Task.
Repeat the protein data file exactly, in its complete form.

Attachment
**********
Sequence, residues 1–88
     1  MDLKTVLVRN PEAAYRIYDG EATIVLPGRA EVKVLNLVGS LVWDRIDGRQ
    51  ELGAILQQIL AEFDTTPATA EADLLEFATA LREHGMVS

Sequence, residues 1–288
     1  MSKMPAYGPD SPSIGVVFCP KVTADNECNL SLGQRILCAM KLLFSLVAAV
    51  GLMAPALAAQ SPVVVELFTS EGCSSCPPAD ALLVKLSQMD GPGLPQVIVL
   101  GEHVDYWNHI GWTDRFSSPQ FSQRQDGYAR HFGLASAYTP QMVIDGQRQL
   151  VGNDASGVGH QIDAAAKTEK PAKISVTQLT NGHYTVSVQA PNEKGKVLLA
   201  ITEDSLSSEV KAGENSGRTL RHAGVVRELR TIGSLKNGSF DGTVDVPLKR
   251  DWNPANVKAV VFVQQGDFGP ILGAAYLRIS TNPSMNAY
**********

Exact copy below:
Sequence, residues 1–88
     1  MDLKTVLVRN PEAAYRIYDG EATIVLPGRA EVKVLNLVGS LVWDRIDGRQ
    51  ELGAILQQIL AEFDTTPATA EADLLEFATA LREHGMVS

Sequence, residues 1–288
     1  MSKMPAYGPD SPSIGVVFCP KVTADNECNL SLGQRILCAM KLLFSLVAAV
    51  GLMAPALAAQ SPVVVELFTS EGCSSCPPAD ALLVKLSQMD GPGLPQVIVL
   101  GEHVDYWNHI GWTDRFSSPQ FSQRQDGYAR HFGLASAYTP QMVIDGQRQL
   151  VGNDASGVGH QIDAAAKTEK PAKISVTQLT NGHYTVSVQA PNEKGKVLLA
   201  ITEDSLSSEV KAGENSGRTL RHAGVVRELR TIGSLKNGSF DGTVDVPLKR
   251  DWNPANVKAV VFVQQGDFGP ILGAAYLRIS TNPSMNAY